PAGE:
2013: Streaming, Stealing, and the Money of Music

The advent of Spotify has sparked a myriad of discussion and criticism about the future of music listening and its impact on artists.  The issue began well before Spotify or even the internet, when fans traded bootlegged live recordings.  As technology developed, pirating became easier and easier, and Spotify popped up as an attempt to mitigate the damage.  It promises legal streaming access to an enormous volume of music, in (as digital music goes) good quality as well.


I could fill up this whole article describing the various layers of this issue, from Thom Yorke pulling his solo material and his band Atoms for Peace’s music from Spotify in protest against compensation policies that he believed unfairly favored major labels over new artists to Foals frontman Yannis Philippakis calling Spotify royalties an “insulting pittance” in October and Spotify publicly releasing a vast amount of information defending their royalty payment system late last year.   Jana Hunter, the lead singer of Baltimore based indie rock band Lower Dens (whose haunting Nootropics placed #5 on my “Best of 2012” list), wrote an immensely thought-provoking piece in 2011 about mass consumption of music and Spotify’s effects on artists.  While Hunter acknowledged the role of Spotify in introducing listeners to new music, she complained about its role (alongside pirating) of perpetuating the idea of unlimited access to music for little to no money.

Elsewhere, an unforgettable chart demonstrates the sheer volume of Spotify streams necessary to provide a solo artist with revenue equivalent to the monthly mimum wage: 4,053,110.  By comparison, 1,161 sales of a physical album at a retail store will earn the same amount.  Keep in mind that both figures are for a solo artist: forget about bandmates and a manager.  Hunter’s article was from 2011 and the chart uses data from 2010 – since then, Spotify’s royalties have increased significantly (by 10-50 times per stream), but the numbers still leave little to be excited about.  One op-ed writer put the number of monthly Spotify streams needed to make the minimum wage as of July 2013 at 230,000.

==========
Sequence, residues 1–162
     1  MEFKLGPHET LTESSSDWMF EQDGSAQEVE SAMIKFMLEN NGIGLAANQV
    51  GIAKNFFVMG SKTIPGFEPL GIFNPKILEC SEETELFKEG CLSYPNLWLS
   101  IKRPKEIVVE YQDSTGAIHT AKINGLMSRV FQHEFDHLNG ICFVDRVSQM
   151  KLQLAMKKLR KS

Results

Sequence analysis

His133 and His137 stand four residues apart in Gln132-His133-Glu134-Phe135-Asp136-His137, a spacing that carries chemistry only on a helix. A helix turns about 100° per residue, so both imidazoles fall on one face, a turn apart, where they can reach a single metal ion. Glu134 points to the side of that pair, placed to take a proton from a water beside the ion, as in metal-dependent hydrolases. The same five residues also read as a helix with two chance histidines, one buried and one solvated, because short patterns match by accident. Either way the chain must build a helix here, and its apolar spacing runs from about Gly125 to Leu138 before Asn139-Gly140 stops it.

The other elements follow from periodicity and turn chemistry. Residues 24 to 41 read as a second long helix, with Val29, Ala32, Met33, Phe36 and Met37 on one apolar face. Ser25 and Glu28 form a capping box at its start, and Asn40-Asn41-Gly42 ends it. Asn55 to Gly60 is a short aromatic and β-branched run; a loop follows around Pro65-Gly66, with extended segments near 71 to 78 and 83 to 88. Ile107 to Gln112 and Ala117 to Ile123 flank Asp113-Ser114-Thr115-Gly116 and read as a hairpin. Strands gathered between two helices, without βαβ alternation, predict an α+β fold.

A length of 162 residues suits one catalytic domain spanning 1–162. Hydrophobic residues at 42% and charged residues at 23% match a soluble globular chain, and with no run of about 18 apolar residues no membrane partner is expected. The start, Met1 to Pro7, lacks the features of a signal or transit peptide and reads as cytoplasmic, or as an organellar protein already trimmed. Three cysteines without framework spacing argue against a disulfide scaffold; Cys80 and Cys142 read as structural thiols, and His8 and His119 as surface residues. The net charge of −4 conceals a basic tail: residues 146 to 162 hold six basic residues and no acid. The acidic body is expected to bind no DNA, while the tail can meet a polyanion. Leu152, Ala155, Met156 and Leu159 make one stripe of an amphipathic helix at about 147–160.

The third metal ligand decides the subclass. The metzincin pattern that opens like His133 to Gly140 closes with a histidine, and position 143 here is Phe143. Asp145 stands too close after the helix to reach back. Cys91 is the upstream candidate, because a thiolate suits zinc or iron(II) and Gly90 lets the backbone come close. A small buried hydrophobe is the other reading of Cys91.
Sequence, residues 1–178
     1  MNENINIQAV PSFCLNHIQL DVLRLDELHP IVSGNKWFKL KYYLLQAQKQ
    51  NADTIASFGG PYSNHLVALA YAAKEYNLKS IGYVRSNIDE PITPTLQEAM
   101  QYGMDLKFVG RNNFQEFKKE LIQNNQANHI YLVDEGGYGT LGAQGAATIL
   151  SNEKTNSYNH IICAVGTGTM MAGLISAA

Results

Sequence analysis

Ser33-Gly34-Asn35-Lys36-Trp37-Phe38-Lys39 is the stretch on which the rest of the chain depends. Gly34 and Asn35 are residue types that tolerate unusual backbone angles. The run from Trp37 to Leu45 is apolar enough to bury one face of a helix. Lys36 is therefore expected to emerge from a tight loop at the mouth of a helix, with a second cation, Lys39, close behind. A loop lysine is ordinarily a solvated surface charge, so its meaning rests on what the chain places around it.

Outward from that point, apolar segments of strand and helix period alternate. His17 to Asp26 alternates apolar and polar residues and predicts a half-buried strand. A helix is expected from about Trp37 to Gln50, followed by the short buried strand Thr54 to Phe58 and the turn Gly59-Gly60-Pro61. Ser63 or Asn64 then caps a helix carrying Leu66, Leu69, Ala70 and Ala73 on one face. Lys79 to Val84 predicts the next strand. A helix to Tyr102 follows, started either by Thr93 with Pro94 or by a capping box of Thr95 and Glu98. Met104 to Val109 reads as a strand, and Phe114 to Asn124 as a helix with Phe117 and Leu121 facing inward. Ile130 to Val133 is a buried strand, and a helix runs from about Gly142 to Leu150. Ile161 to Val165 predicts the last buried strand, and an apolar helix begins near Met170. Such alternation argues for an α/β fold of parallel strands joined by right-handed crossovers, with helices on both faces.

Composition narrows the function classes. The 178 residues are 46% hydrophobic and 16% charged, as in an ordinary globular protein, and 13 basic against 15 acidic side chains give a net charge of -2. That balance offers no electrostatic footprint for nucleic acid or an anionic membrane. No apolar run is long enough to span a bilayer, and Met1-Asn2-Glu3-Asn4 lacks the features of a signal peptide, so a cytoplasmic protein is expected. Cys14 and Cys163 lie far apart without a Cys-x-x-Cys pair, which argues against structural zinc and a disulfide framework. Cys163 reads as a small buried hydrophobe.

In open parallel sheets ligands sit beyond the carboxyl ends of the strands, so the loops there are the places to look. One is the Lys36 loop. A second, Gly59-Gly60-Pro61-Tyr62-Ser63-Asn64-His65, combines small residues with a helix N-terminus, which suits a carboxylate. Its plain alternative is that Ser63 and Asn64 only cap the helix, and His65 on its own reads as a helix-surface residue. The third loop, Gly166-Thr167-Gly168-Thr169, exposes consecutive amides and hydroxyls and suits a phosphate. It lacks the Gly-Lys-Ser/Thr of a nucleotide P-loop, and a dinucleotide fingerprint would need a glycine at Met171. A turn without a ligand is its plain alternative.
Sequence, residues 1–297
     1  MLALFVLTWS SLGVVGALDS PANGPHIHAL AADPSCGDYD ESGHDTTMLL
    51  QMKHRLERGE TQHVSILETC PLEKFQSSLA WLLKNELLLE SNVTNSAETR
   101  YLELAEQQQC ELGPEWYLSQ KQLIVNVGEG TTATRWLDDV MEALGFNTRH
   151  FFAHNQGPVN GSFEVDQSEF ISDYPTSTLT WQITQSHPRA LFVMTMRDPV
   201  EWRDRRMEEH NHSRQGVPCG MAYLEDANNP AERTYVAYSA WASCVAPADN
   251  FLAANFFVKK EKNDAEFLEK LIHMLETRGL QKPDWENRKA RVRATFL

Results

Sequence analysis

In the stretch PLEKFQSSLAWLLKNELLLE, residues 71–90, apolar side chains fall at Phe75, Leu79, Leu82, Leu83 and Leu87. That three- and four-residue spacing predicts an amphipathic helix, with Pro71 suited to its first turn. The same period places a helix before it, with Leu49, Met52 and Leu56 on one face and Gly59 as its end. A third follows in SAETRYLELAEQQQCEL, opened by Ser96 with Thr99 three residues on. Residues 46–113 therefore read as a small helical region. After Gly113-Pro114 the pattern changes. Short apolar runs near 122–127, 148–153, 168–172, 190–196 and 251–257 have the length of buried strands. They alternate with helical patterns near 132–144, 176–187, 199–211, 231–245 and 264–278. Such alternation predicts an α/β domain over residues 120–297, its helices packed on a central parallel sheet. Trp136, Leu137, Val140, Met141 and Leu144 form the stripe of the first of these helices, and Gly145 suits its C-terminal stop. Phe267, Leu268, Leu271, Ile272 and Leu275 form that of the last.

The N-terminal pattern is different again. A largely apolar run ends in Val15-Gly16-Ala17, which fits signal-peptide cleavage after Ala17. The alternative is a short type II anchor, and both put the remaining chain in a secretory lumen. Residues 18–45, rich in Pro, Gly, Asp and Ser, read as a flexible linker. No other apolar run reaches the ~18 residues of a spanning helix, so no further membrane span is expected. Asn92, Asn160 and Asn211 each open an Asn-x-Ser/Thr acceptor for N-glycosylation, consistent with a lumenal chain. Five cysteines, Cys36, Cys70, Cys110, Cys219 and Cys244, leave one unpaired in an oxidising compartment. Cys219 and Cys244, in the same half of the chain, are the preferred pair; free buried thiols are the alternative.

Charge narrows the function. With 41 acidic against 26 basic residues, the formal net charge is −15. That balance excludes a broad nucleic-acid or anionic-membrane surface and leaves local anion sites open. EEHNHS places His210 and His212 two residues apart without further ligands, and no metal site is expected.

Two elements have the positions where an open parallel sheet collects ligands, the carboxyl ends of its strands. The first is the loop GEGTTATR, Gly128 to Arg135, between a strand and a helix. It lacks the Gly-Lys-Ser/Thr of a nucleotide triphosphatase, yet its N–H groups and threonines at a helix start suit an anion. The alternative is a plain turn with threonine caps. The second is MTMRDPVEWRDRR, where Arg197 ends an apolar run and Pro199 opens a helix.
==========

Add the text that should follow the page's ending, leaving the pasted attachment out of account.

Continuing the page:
Last year, I keep track of what I listen to via last.fm. I was borderline fanatical about this, integrating every music listening platform into my last.fm account.  I am a dedicated album fan and very rarely listen only to singles. For this article, I am analying my listening habits as they relate to compensating the artists responsible to every 2013 album I listened all the way through at least one time.  This analysis does not include any music released before 2013 and probably represents half of what listened to that year.  I am also frank about money spent on my behalf on new music – if that bothers you, then don’t read further.  I think that transparency is necessary to really understand this issue and how it effects the different parties involved.

Through the college radio station where I had a show and from borrowing music from friends, I had the ability to legally obtain some free music.  As a birthday present from last year, I received 1 year of Spotify Unlimited.  Spotify Unlimited costs $4.99 a month ($59.88 a year).  Unlimited is the middle-tier spotify subscription: while it has no ads or listening limits, it does not grant mobile access.  Spotify may fail or flounder (and has yet to turn a profit, with mounting losses accompanying mounting earnings as it expands), but if it ever properly compensates artists, it will do so by gaining more paid, rather than free, subscribers.

First-ChartAt the present moment, even the Unlimited rate fails to properly compensate artists for their music.  Because of this, I decided to purchase music that I really loved even if the music was already on Spotify.  However, I do not have much spare change, so I only did this when I was really blown away by an album and found a reasonable deal to purchase it.